• banner-image

How to Bleed Brakes? The Right Way Of Bleeding Your Brakes

If you’re new to brake bleeding, R1 concepts has created this guide will tell you exactly how to properly prepare your vehicle for brake bleeding and familiarize yourself with different methods that will result in firm and reliable brakes. This is very helpful for people who wants to do some of their car work on their own and also a great help for new car owners that will just do their brake maintenance for the first time.

Key Takeaways

  • yes, you can bleed your brakes by yourself, and it’s not as hard as you think it is.
  • Brake bleeding is essential to maintain your car’s braking performance by removing air from the hydraulic system, which can otherwise cause inefficiencies or brake failure.
  • There are two common methods for bleeding brakes: gravity bleeding and pressure bleeding, each with their own procedures, advantages, and challenges.
  • It’s important to use the correct type of brake fluid for your vehicle, ensure the master cylinder is appropriately maintained during the process, and perform a test drive after bleeding to confirm successful brake function.

Step-by-step Procedure on How To Bleed Your Brakes

One thing that is pretty interesting is that you have other options to bleed your brakes. We have it lined up here as to how to do it properly. First things first, you need to prepare your vehicle and get all the necessary materials to do the procedures.

Preparing Your Vehicle for Brake Bleeding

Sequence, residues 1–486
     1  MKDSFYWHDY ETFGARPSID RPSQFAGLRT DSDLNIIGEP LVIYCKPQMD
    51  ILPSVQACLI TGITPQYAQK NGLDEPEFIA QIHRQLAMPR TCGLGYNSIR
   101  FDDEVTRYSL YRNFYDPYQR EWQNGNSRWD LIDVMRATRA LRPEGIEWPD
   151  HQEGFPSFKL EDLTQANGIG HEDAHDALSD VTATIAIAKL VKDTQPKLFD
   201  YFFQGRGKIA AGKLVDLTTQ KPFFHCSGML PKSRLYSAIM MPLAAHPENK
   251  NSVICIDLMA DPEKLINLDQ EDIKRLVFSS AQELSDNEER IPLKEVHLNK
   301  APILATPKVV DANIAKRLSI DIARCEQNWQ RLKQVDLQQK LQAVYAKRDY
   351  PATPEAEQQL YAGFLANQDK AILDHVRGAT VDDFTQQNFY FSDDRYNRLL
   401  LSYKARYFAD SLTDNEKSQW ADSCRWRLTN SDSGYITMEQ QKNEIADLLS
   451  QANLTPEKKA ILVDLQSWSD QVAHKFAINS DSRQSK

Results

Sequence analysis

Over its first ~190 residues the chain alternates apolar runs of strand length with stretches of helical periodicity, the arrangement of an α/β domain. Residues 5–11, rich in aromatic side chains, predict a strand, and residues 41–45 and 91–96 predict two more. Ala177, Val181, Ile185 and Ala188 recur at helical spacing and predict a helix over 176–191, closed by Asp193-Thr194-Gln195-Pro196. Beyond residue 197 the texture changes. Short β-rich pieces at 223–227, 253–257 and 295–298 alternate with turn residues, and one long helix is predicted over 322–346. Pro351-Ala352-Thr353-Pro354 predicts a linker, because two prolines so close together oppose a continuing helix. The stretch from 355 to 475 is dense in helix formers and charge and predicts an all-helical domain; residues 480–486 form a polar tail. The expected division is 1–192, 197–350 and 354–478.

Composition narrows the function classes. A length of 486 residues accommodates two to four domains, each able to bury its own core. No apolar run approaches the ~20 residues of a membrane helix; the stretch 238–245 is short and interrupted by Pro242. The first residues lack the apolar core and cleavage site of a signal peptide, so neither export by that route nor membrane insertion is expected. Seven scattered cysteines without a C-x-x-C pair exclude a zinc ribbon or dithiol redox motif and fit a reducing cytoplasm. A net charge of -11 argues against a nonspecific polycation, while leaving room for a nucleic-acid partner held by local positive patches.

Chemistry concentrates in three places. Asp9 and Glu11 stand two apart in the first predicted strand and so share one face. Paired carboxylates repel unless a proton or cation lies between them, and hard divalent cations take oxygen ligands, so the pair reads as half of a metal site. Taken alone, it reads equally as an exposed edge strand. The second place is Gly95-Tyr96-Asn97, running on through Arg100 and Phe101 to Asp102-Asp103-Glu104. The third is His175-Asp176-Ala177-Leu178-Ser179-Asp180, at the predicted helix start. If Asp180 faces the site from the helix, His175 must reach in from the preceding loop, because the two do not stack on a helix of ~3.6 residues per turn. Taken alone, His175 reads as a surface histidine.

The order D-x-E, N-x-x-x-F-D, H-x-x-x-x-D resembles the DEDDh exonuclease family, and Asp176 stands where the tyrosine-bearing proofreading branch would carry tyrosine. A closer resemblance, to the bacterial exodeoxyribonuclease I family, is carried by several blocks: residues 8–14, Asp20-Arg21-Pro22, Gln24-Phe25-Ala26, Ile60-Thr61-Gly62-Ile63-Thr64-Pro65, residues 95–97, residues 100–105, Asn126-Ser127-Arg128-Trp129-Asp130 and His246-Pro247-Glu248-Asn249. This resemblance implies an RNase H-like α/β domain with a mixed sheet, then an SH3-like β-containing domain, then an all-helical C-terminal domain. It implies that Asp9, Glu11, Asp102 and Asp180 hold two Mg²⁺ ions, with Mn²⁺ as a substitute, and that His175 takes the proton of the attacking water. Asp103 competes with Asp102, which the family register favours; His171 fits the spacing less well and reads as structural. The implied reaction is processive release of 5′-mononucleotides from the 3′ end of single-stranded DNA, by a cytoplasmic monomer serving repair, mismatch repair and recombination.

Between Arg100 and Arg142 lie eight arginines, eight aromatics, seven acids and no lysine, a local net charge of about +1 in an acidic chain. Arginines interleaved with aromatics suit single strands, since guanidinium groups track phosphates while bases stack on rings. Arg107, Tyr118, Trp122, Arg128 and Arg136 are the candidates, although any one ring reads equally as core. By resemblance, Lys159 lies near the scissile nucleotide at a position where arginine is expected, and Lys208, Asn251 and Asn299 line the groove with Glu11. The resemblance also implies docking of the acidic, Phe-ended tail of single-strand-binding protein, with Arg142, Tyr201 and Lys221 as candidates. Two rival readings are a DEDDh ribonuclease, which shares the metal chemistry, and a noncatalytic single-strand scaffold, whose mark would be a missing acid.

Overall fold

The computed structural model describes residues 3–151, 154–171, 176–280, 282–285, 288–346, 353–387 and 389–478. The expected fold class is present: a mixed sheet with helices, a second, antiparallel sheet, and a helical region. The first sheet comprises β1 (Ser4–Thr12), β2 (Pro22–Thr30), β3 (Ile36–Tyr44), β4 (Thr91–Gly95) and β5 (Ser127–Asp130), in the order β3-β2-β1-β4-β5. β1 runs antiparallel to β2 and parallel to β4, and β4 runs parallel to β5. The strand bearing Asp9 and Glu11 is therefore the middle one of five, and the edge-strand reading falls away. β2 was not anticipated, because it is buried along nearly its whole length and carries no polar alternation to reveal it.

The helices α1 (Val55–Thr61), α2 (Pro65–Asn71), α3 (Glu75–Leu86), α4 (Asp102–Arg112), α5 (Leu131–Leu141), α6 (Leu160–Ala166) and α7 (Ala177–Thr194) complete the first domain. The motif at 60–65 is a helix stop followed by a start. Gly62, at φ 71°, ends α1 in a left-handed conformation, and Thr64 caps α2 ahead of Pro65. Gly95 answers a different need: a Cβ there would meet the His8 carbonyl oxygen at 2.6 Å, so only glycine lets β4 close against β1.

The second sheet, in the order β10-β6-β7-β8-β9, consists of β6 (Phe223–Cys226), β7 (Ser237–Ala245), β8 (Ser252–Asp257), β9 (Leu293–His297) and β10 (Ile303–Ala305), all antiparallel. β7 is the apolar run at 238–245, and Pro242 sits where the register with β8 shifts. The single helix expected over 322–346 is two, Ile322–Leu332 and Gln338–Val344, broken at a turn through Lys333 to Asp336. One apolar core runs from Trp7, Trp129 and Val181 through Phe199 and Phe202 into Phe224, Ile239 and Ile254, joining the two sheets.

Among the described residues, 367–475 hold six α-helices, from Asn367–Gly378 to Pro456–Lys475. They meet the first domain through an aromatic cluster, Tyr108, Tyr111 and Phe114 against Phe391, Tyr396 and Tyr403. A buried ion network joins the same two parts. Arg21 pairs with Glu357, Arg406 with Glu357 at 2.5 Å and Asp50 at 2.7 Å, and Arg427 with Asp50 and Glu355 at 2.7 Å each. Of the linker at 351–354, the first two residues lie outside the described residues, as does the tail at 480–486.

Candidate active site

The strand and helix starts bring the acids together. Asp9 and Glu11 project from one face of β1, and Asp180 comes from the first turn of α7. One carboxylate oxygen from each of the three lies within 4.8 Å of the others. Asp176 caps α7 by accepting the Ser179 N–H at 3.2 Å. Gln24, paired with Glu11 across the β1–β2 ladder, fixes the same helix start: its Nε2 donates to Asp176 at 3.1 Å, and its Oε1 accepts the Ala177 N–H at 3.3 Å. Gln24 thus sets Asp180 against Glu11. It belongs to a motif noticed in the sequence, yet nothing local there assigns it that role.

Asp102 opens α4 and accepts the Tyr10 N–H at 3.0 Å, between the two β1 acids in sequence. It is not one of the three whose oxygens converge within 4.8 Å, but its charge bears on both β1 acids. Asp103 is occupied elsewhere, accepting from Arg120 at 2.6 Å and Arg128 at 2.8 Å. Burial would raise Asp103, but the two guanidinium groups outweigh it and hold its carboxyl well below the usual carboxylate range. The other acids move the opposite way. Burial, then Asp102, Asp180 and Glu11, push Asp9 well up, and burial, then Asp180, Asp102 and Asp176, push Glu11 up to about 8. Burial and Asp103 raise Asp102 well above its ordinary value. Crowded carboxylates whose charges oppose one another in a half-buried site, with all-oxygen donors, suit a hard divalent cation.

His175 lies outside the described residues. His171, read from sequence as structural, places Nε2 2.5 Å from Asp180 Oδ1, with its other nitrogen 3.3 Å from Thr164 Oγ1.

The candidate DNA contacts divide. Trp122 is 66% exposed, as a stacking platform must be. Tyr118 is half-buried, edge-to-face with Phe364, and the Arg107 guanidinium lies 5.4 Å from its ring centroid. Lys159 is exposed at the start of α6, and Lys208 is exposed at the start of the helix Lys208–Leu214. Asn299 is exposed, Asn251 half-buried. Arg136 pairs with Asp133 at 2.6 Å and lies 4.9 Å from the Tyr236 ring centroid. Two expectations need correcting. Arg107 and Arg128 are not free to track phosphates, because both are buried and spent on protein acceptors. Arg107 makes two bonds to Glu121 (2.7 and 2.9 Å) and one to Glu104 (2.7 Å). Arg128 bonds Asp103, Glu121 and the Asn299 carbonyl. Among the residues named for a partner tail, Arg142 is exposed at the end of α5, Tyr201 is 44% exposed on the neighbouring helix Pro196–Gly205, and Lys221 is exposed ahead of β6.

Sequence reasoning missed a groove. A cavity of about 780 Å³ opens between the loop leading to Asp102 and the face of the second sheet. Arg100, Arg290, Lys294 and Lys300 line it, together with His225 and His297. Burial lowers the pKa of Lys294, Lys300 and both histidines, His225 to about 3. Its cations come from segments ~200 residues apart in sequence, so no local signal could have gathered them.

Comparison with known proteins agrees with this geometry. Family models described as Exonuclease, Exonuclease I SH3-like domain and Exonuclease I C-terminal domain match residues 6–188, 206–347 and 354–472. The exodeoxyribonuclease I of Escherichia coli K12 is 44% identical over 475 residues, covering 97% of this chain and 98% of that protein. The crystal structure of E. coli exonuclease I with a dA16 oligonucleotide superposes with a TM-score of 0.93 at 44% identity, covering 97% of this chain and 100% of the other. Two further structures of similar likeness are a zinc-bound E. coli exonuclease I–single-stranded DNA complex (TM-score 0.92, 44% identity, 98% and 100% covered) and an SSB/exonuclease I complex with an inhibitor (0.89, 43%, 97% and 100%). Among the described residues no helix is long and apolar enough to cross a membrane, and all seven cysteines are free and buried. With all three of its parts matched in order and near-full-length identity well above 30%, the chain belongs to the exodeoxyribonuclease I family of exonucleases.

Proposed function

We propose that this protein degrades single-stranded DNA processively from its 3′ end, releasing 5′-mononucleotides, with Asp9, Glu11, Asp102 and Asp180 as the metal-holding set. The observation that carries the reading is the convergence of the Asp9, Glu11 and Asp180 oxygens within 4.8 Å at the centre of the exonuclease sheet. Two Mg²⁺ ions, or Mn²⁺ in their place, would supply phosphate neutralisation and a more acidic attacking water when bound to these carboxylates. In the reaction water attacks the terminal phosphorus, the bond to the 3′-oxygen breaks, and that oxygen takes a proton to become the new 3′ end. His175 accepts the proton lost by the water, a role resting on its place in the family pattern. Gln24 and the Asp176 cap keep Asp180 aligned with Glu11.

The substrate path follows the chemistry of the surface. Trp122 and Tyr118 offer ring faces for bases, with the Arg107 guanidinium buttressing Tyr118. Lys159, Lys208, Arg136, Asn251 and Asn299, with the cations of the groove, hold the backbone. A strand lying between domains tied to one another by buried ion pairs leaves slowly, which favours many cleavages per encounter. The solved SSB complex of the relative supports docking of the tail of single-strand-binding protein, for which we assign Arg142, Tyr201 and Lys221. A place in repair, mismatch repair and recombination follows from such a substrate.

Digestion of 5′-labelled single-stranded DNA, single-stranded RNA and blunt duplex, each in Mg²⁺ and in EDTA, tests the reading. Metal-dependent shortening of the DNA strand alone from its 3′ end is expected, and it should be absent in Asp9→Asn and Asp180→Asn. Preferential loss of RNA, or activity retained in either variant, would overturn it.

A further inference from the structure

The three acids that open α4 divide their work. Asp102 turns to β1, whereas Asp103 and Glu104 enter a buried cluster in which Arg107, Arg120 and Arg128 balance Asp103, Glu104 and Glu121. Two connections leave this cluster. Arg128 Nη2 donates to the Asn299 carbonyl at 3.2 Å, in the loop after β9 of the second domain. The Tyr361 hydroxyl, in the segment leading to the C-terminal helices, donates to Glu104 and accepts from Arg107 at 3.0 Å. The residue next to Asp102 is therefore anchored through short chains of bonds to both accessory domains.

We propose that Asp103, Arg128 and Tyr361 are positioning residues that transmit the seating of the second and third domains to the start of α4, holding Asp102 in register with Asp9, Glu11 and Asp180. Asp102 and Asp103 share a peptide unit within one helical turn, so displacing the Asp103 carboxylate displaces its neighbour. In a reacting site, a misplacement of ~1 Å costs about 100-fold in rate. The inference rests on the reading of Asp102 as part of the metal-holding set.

Before beginning the brake bleeding process, it is essential to prepare your vehicle correctly for maximum safety and efficiency. Gather all needed supplies including and park on level ground, shut off engine then support with jack stands. Wear protective gloves and glasses in case any splashes occur from liquid spills!

Materials needed

  • Bleeding bottle – this can be any used soda bottle with a cap, nothing fancy.
  • Fuel line (size 3/16) – this is going to connect your soda bottle and brake bleeder bolt to do the brake bleeds. The size is just a bit smaller than the bleeder bolt so it can
  • Zip wires – to hold the fuel line in place in the bleeding bottle.
  • Driller – this is just to drill the hole in your bleeding bottle cap.
  • Brake Fluid – The purpose is obvious and you need this to bleed your brakes.
  • Flare Wrench – this is to loosen the bleeder screw.
  • Jack Stands – This is to raise your vehicle slightly above ground, you need at least two.

Build Your Bleeder Bottle

  1. Wash your bleeding bottle. Make sure that there are no residues or debris inside and dry it thoroughly.
  2. After cleaning your bleeding bottle, go get your driller and make a hole in the cap enough to fit the 3/16 inch fuel line.
  3. After creating the hole for the fuel line, create a little hole; as small as needle poke just close to it. Make sure this isn’t going to annex the hole in for the fuel line. This will serve as a hole for pressure release so that your bleeding bottle wouldn’t explode.
  4. Attach the fuel line to the hole and put a wire tie to under the cap to secure the line in place.
  5. Add brake fluid to fill one-third of the bottle.
  6. Put the hose in the bottle and screw the cap on tightly.

Assuming you’ve already drained the old brake fluid from the master cylinder, replaced it with fresh fluid, and prepared your bleeding bottle, we can now go into the specific procedures for each type of brake bleeding.

Gravity Bleeding Procedure

  1. Make sure the engine is off and your vehicle is on solid ground. Elevate the area where you want to do your bleeding.
  2. Using the flare wrench, carefully open the brake bleeder screw by a quarter turn. Avoid opening the screw too much to prevent the brake lines from drawing in air instead of expelling it from the brake system.